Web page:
Council of the Federation Approves Bills on Defamation, "Foreign Agents" and Internet Censorship

Source: (info), 19/07/12

· Freedom of association  · Freedom of Speech

On 18 July the Federation Council approved the introduction of the "foreign agent" status for non-profit organisations, the creation of a single list of domains and websites in Russia with illegal content and the restoration of the article on defamation to the criminal code, reports citing RIA Novosti.

A law prohibiting all advertisements for alcoholic products on the internet and in printed periodicals was also approved in the same session, the last before the summer break. The Council of the Federation rejected a bill to designate the second Sunday in September as the single voting day so that further work could be done on the document together with Duma deputies.

The day before the Council of the Federation announced that it did not see any basis to the legal arguments put forward by the Head of the Presidential Council on Human Rights Mikhail Fedotov, who had appealed to speaker Valentina Matvienko not to approve these controversial bills. "I did not see any judicial or legal arguments in the letter sent by Fedotov, and all of the references made by Mr Fedotov to legal norms are not relevant here," stated the head of the Committee on Constitutional Legislation of the upper chamber of parliament Andrei Klishas. "Our chair Valentina Ivanovna Matvienko recommended that we take Mr Fedotov's letter into account within these discussions and we have reviewed all of his arguments." According to Klishas, Fedotov's arguments were carefully considered by the chamber but they ultimately did not affect the committee's stance.

Klishas also disagreed that the bills required public consultations. "What good would that do? The issues Mr Fedotov refers to require legal regulation and, in the case of NGOs, it seems to me that the longer we delay regulation the worse the situation will be. NGOs should be interested in ensuring that their activities are regulated by clear legal standards, the absence of which leads only to difficulties," said Klishas, who commented that he understands Fedotov's position but does not share it.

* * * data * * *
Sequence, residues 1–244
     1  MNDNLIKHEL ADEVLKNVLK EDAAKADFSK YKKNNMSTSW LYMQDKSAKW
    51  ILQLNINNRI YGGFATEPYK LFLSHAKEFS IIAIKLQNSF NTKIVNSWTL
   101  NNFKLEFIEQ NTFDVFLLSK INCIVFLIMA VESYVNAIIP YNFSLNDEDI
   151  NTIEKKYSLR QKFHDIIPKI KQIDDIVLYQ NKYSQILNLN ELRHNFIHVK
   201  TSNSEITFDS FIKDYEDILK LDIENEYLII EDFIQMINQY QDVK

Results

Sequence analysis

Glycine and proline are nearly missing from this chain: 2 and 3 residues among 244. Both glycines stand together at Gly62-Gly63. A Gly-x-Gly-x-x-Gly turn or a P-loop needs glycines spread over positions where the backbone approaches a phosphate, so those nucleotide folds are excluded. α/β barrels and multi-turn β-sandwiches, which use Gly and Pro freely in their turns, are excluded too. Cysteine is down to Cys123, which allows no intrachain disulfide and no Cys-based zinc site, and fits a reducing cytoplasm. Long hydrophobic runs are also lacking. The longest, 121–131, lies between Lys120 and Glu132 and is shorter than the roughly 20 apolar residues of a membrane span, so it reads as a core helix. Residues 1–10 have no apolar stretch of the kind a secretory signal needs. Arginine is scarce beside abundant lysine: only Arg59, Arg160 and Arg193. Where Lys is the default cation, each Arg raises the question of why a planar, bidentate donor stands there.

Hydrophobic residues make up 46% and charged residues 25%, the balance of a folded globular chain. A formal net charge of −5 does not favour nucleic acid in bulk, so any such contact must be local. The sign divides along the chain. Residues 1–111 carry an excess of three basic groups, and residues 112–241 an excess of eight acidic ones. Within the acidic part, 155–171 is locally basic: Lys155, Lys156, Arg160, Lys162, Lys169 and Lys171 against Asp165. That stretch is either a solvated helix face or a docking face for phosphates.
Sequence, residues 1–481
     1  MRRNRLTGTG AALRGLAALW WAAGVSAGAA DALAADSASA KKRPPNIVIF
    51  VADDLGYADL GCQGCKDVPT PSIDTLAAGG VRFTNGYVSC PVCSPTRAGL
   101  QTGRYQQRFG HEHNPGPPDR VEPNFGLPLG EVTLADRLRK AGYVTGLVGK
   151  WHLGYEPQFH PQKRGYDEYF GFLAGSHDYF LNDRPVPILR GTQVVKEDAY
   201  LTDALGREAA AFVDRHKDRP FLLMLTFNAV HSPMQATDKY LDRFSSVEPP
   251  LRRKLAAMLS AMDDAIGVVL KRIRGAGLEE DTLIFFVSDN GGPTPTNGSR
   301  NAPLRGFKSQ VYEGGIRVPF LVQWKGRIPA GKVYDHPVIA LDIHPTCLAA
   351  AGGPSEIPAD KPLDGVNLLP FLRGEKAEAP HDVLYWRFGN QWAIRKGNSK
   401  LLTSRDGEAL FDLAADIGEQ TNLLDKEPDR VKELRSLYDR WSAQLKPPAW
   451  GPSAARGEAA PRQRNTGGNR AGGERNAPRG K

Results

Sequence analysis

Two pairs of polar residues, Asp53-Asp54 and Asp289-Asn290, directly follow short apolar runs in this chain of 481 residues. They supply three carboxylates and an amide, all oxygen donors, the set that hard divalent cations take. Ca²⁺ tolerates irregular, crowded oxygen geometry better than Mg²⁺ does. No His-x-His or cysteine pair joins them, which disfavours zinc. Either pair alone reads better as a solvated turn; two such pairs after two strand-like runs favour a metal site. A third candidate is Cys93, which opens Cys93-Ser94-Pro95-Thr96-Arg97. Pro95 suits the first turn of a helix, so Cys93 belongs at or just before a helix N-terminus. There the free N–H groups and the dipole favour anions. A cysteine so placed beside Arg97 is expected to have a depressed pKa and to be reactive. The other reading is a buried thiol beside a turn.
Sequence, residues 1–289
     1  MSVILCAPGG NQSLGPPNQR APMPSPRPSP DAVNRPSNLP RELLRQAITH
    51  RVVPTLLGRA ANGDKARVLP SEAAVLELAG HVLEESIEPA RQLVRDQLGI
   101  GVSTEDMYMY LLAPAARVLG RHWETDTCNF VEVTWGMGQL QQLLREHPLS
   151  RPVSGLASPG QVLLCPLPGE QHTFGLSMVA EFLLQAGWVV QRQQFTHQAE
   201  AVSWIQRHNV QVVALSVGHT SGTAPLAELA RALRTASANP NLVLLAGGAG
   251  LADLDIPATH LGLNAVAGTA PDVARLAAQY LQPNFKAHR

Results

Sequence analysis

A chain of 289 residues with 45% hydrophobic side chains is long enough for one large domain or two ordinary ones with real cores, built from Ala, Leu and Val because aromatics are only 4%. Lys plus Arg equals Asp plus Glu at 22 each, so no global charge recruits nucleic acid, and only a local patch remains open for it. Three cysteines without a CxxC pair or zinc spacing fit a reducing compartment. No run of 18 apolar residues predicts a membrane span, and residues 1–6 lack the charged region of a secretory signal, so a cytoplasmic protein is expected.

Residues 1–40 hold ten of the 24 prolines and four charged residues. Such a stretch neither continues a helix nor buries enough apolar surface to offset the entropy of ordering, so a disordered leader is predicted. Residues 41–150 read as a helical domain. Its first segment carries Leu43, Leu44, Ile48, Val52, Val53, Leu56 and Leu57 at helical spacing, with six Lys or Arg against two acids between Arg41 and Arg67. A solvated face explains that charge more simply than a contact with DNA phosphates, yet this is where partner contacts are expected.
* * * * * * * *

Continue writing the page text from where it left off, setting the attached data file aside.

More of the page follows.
"The only danger lies in the incorrect application of the law; if this should happen many will be jeopardised," said Klishas about the law introducing a "black list" of websites. "If the law's regulations are applied correctly, the legal proceedings that follow will ensure that no one's rights are violated." According to Klishas, this also applies to the law introducing tougher penalties for defamation. "All of the arguments presented by Mr Fedotov can be categorised as either a value assessment or an emotive appeal. I repeat, I see no legal basis for the arguments he put forward in his letter," stressed the head of the Committee on Constitutional Legislation.

The chair of the Presidential Council on Human Rights Mikhail Fedotov wrote to the Federation Council on Tuesday with a request that approval of the laws be halted. "We believe that these laws, which have not yet been passed in full, approved by the Council of the Federation, or signed by the president, must be halted and submitted for public consultation," said Fedotov. "We may send a corresponding letter to the Council of the Federation. In that case, perhaps I will deliver it personally.

"Anyone who thinks that the Presidential Council will do nothing on the issue of these three laws is mistaken. We will continue our work. We still have the power of public opinion, the power of laws, the power of logic, the opinion of the international community and, as a last resort, the European Court of Human Rights," said Fedotov.

The State Duma decisively passed all three controversial laws, two of which were passed on the final day of the spring session.

On Wednesday morning activists from The Other Russia party picketed the Council of the Federation in protest against the laws recently passed by the State Duma. The picketers expressed their opposition to the laws on NGOs, internet censorship and defamation being considered by the Council of the Federation on Wednesday. The Other Russia activists also protested against Russia's joining the WTO. They held a black banner with the slogan "Damn you!" and handed out flyers which read: "We aren't demanding anything from the authorities. We are convinced that Russia urgently needs the complete removal of Putin's group from power. Only the fresh wind of Revolution will give the country a new fate." Officers of the Federal Guard Agency detained the activists holding the banner, Sergei Zaplavnon and Viktor Astakhov, who were taken to Tverskoe police station.